Myopia Management: Is Daylight the Answer?

Dr. Russel Lazarus, June 16, 2021

1.9 billion people, worldwide, have been diagnosed with myopia … could spending time outdoors be a solution?

With the prevalence of myopia, it’s critical for parents to understand how this condition can impact their child’s future and what steps they can take to preserve their child’s eye health and vision..

Childhood myopia, or nearsightedness, increases the risk of eventually developing serious eye diseases like cataracts, glaucoma, macular degeneration, diabetic retinopathy, pathological myopia and retinal detachment.

Can daylight reduce myopia?

Myopia occurs when the eye shape elongates, causing light rays to focus in front of the retina rather than directly on it. Myopia is caused by a combination of factors, including genetic and environmental.

As it turns out, the amount of time children spend outdoors in sunlight has been shown to reduce the progression of myopia.

In 2019, Updates on Myopia was published, which stated that it discovered that environmental factors have been the cause of an exponential increase of myopia. Children that have intense schooling and spend limited time outdoors have a higher risk of developing myopia.

Increased light intensity leads to pupil constriction, increased depth of focus and release of dopamine, which inhibits axial elongation which causes myopia.

In addition, more time spent outdoors goes hand in hand with less time spent on near work. Reading and other tasks that require prolonged near vision have long been suggested as an environmental risk factor for myopia in school-aged children.

Contact an eye doctor near you who can help manage your child’s myopia.

SEE RELATED: Myopia Management: Children and Digital Devices 

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How does daylight exposure impact myopia?

Although researchers have yet to pinpoint exactly why daylight exposure prevents or slows the progression of myopia, almost all agree that it does.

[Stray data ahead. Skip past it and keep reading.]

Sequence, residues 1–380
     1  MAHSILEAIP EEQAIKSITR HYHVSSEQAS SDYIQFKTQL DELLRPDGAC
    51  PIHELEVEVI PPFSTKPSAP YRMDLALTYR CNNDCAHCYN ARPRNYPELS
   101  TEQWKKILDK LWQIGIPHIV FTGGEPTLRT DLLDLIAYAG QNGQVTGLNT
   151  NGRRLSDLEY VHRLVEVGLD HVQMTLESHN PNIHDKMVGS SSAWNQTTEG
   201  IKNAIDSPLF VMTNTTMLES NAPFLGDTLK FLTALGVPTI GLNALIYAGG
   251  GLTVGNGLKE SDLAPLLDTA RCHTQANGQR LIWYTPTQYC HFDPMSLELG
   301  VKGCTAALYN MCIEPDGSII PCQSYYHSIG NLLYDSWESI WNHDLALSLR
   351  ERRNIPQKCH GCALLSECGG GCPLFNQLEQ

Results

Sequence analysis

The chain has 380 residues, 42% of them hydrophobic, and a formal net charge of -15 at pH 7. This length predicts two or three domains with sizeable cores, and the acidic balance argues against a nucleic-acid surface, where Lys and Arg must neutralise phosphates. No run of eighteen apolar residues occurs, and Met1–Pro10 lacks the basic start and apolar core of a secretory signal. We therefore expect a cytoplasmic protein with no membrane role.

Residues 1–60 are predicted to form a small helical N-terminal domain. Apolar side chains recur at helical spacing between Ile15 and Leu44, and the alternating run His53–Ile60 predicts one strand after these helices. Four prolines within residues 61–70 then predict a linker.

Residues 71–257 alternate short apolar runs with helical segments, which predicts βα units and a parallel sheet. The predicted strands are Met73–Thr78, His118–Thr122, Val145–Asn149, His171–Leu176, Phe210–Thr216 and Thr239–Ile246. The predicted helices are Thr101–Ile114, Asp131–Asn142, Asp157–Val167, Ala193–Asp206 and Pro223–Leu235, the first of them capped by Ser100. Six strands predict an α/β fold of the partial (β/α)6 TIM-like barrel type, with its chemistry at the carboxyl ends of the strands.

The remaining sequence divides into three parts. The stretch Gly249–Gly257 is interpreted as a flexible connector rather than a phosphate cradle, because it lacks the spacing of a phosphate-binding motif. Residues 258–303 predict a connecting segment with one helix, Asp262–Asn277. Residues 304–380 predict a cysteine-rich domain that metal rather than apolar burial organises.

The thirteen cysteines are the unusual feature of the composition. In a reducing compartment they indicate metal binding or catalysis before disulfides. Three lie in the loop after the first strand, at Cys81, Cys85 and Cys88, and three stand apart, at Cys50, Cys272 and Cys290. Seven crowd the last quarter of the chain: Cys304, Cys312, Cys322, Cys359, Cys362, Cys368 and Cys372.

A study published in 2015, called the ROC (Recess Outside Classroom) study conducted in East Asia to see if the educational policy could decrease myopia incidence, the results were promising.

At one school they turned off the classroom light and required children to go outside the classroom for outdoor activities during recess time, around 80 minutes per day. The other school did not have any special programs during recess time.

After 1 year, new onset myopia was found in only 8% of children in the ROC school, while the incidence in the control school was 17.5%.

Spending time outdoors could decrease the new onset of myopia by over 50%.

Ophthalmology (2013) published a systematic review and meta-analysis of studies, that investigated the association between time spent outdoors and myopia in children and adolescents.

This research found a significant protective association between increasing time spent outdoors and prevalent myopia in nearly 10,000 children and adolescents 20 years of age and younger.

Each increase in hours per week of time spent outdoors was associated with a 2% reduced odds of myopia.

It is now widely recommended that children spend up to 2 hours outdoors each day to protects against myopia.

What is myopia management?

In addition to giving your child more time to spend outdoors, a program of Myopia Management can improve your child’s performance in school and can help prevent serious sight-robbing eye diseases later in life.

Myopia is a world-wide medical problem, affecting the lives of today’s children, resulting in serious consequences for their eye health.

LEARN MORE:  Guide to Myopia Management

If your child shows signs or symptoms of myopia, schedule an appointment with an eye doctor near you who will advise you on the ways to best manage your child’s myopia and ensure they enjoy years of clear vision and optimum eye health.